Thursday, June 23, 2011

First Days in Cameroon!

Hi All!
This is Allyson writing from the lovely land of Cameroon! The night before last I and my travel buddy Mike arrived in Douala, Cameroon to begin my Open Mind for Africa learning and volunteering experience! Stepping off the plane I was met with mild chaos and extreme humidity. Soon however I found our driver from United Action for Children and made my way to Buea, the place I will call home for the next two months. The people of Cameroon are incredibly hospitable and my first two days have been fantastic. We live with a group of other volunteers in a little house next to the Director Mr. Orock's. Mr. Orock left yesterday for Germany so I have not gotten to know him well yet but his family has been very nice. We were fortunate enough to arrive just in time for the primary school graduation and spent Tuesday watching Class 6 be praised and awarded as they graduated. They length of the graduation would definitely rival any university, but included fantastic dancing and singing by the children. The children also looked adorable in their purple and gold robes. Today was our first day of volunteering for the summer program. Each day we take a van to a different rural village outside of Buea to provide educational enrichment. They age from babies carried by older siblings to middle school aged students. The kids are great and to me seemed very well behaved. I worked with the oldest students going into class five or form 1 (middle school) because I really enjoy older students. We read a book about air (donated books can be pretty random and worked on some vocabulary building. We learned and acted out billowing, sway, swirl, tug, among others and the kids were very attentive. After a "spelling quiz" I took them outside the one room community building for some fun. I taught them the "banana song" that CSSP ( a Penn student group that works in Philly schools) does with our kids and they absolutely loved it and proceeded to teach the younger kids. Afterward, we returned for lunch at Mr. Orock's house with the other volunteers all of who are incredible people. We have also made friends with the local soccer team who are teaching us pidgin and dancing. I successfully took my first bucket shower and ousted a cockroach so I'd say I'm fairing well so far!

Thursday, June 9, 2011


“Abaraka” means thank you in Jola, one of the tribal languages spoken in Gambia. Thanks to the Open Mind for Africa Travel Grant, I will return to Gambia for two months this summer! After I volunteered there the summer before starting college four years ago, the Gambian people left an indelible mark on my heart, and I resolved to return. My lifelong dream is to root myself as a medical doctor for the poor and underserved in two communities, one in the US and another in Gambia.

Power Up Gambia provides reliable electricity and running water to healthcare facilities in Gambia through solar energy. After volunteering at Sulayman Junkung General Hospital in Bwiam, Gambia, Kathryn Cunningham Hall founded this nonprofit organization while she was an undergraduate student at the University of Pennsylvania! Kathryn, who is currently finishing her third year at the University of Pennsylvania School of Medicine, worked tirelessly to provide the hospital with reliable electricity.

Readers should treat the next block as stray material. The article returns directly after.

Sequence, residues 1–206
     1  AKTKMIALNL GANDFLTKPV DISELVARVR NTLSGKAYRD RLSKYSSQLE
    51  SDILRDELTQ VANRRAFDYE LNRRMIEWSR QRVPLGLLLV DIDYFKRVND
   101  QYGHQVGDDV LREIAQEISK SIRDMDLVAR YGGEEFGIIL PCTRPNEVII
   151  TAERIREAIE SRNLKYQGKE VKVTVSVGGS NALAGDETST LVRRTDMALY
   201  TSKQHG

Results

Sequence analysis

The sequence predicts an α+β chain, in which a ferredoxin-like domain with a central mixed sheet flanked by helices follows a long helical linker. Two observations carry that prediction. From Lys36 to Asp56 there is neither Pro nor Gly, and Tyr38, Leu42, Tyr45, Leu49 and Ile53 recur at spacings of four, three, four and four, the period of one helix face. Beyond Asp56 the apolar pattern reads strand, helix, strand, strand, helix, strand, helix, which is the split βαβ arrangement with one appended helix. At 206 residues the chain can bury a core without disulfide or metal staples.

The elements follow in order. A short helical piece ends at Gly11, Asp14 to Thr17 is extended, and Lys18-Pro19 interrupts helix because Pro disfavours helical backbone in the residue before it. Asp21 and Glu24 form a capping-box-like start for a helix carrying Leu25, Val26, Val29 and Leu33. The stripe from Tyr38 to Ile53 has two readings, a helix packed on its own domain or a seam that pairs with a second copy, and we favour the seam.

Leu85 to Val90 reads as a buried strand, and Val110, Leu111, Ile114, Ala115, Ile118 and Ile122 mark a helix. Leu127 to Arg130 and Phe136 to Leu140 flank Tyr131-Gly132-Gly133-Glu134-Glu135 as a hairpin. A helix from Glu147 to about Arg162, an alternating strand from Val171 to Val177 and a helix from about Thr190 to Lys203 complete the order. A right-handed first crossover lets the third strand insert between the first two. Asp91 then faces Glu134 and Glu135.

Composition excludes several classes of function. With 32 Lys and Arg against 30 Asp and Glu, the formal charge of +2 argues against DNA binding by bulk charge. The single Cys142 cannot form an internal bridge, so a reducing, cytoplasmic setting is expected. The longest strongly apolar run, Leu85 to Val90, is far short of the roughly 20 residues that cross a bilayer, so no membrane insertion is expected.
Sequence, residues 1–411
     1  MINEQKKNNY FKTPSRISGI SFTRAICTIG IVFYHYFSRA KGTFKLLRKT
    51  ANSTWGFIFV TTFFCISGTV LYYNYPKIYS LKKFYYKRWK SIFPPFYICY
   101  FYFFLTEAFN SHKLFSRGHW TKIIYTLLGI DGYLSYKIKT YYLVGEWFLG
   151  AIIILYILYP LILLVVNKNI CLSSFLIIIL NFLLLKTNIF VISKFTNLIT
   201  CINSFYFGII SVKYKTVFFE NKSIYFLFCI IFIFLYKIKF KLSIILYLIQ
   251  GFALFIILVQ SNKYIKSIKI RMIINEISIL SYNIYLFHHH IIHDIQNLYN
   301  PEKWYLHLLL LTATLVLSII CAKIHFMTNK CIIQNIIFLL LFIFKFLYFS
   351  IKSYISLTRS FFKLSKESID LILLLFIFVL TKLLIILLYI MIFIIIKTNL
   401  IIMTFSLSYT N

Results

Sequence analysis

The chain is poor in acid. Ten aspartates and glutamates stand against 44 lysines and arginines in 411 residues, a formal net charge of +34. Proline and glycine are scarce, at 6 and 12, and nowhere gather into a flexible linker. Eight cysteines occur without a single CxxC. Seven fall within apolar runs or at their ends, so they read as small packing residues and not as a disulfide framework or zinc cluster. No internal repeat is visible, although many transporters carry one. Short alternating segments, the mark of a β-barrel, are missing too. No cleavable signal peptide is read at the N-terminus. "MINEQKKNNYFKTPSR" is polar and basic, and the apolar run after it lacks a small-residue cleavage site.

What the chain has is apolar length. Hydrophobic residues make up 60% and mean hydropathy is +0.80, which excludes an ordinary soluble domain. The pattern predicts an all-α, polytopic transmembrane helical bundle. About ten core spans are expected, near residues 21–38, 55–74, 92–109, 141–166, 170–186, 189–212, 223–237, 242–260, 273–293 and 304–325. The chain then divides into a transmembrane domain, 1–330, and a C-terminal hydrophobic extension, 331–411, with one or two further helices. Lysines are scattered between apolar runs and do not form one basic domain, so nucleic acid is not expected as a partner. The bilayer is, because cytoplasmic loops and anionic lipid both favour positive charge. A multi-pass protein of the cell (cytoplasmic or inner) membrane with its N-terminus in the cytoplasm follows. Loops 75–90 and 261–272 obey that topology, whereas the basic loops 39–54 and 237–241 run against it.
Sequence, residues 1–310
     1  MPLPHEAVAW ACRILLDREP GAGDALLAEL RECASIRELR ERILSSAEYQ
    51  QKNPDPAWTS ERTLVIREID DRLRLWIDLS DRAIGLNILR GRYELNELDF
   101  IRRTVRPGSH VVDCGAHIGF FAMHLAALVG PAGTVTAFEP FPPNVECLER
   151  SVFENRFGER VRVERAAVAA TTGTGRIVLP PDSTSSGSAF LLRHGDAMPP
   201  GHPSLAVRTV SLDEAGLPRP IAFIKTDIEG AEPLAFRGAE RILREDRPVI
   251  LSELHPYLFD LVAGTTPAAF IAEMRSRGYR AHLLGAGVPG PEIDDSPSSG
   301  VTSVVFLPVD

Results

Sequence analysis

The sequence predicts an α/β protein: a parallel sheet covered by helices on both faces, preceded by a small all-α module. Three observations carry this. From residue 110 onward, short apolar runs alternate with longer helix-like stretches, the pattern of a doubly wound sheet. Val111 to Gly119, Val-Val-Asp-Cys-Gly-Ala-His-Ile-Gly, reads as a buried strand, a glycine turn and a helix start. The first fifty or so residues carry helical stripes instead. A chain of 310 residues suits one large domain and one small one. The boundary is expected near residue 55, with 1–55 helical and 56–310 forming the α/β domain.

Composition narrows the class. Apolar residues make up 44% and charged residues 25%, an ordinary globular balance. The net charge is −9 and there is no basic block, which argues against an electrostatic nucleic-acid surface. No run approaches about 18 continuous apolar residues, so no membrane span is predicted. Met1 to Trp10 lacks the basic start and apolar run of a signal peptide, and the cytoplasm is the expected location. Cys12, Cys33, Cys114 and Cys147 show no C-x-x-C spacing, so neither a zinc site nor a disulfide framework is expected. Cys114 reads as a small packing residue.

At the end of my sophomore year, I received an email about Power Up Gambia through Penn’s pre-med listserve. Michael Reiche, an intern with Power Up Gambia, wanted to start an undergraduate chapter to support the organization’s efforts! I remember thinking, how cool is this! Gambia is a small country located on the west coast of Africa and surrounded by Senegal on three sides. It’s about twice the size of Delaware. At that point, I had not met anyone at Penn who had been to Gambia! In fact, other than the Americans from Maryland who I went to Gambia with in 2007, I did not know other people in the US who had been to Gambia! I had the privilege of helping to start the undergraduate chapter in May 2009, serving as vice president for two years, and coordinating fundraisers. Participating in Power Up Gambia has been incredibly meaningful to me since it enables me to help Gambians even when I am not physically in Gambia.

I am ecstatic to volunteer at Sulayman Junkung General Hospital (SJGH) in Bwiam, Gambia this summer. Before Power Up Gambia provided SJGH with solar panels, the hospital had unreliable electricity, which created challenges to providing care. At SJGH, I will help with medical records, conduct follow-up evaluation, work on energy and water conservation projects, and shadow medical staff. I will also volunteer at the hospital's trekking clinics and collect information from community health workers and locals to ascertain if the clinics are meeting people’s needs and how they can be improved. I leave for Gambia in just eleven days, and I am delighted to wholeheartedly serve the Gambian people! My heartfelt thanks goes to the Christian Association for providing funding! Abaraka!